The church in America

Today was a rather normal day at my internship.  I played the role of copy princess yet again, in lieu of anything else to do.  As always, the “support staff” (i.e. secretaries) and I chatted as we went about our work.  As I was copying, one lady and I hit upon the topic of Christianity and religion.  We did not get into anything too deep, but it was interesting that it had taken almost three months of interning at this “Christian” counseling center for me to have a discussion about religion and faith with someone else.  Granted, I am one of the shyest people I have ever met, and this summer has not been the easiest on my faith, but I suppose I expected such things to happen more often at a “Christian” business.

I do not mean to criticize or critique, but such is my nature.  As the lady and I were talking, there were several times I wanted to challenge what she was saying, where I wanted to ask, “aren’t we as Christians called to something more, to sacrifice of ourselves?”  But I didn’t.  The idea was in my head, but given the office situation (a “Christian” boss who does not treat her employees like Christ would, and some rather sore but light-hearted employees), I did not know how to bring such ideas up, or if they would be appropriate.  This discussion reminded me of the problem with Christianity in America – it is our civil religion, the status quo.  And when Christianity becomes the status quo, it’s potency, it’s power, it’s central message seems to get lost.  Christianity isn’t just about being a good person, it’s about laying your life down for others, about loving a God who loves you passionately and pursues you all the days of your life, about serving a Savior who went to hell and back to bring healing and restoration to your soul and your life and your world RIGHT NOW.  That is the fiery message the civil religion of America seems to be missing.

However, the discussion we had did give me hope – perhaps talking about faith and belief is not so hard after all.  And, if at least some Americans go to church and have a genuine interest in their Christianity, like this lady does, then perhaps there is hope for the American church yet.  Perhaps revival is possible.  We just have to figure out how to make our beliefs on Sunday translate into behavior on Monday.  We have to choose to discuss faith, to live faith, to do things that are not normal and may not make much sense, to really live for our Savior.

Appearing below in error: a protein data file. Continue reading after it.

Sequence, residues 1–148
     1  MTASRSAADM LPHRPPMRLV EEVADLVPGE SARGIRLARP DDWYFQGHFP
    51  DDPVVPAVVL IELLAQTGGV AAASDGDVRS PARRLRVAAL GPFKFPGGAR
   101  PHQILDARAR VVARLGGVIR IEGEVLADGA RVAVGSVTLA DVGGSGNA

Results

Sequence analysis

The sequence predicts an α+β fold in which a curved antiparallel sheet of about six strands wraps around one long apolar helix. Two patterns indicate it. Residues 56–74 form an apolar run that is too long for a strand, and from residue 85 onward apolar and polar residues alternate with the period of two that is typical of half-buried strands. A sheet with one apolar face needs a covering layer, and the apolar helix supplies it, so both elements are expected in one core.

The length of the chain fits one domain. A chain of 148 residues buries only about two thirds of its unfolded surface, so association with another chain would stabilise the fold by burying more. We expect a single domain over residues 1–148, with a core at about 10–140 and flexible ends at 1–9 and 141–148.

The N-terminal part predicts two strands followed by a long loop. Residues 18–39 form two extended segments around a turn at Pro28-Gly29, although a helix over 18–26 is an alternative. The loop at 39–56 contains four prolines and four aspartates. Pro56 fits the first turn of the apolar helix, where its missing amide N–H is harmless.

Faith starts in the heart, and is demonstrated by action.  “For it is with your heart that you believe and are justified, and it is with your mouth that you confess and are saved.” ~ Romans 10:10

May we freely confess our Lord and Savior before men.

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About rd734467

I am a seeker. A doer. An encourager. One who loves. One who longs to be loved. One who desperately yearns to make a difference in this world.
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2 Responses to The church in America

  1. C Long says:

    Rachel! Hey, this doesn’t really have to do anything with your post. I just wanted to leave you a comment. I’m excited to see you soon again!!

    Love you!
    Christi

  2. Ashley says:

    Amen! So true…this is where a lot of my current issues and doubts with Christianity come from, where George’s come from, where so many people’s I know come from…the church is hypocritical. The church is flawed. And yet, pointing fingers at it and saying these things won’t do any good unless we actually get out there and try to change it. Running away from it and hiding (metaphorically), like I sadly have, won’t do any good… you know this, though. I’m preaching to the choir. You’re out there in Hamtramck bringing Christ to the hurting. I’m in here in a library muddling through my day, attempting to be loving to the people around me when sometimes I just want to give up, curl up in a ball and sleep for three days straight. So many questions…so much doubt…and yet I know there’s more to life than this. There’s a purpose to all of this. And maybe when we all get through these doubts and questions, there will be some semblance of real faith remaining to bring to the American church. It only takes one spark to light a fire. At least, that’s what I’m hoping…

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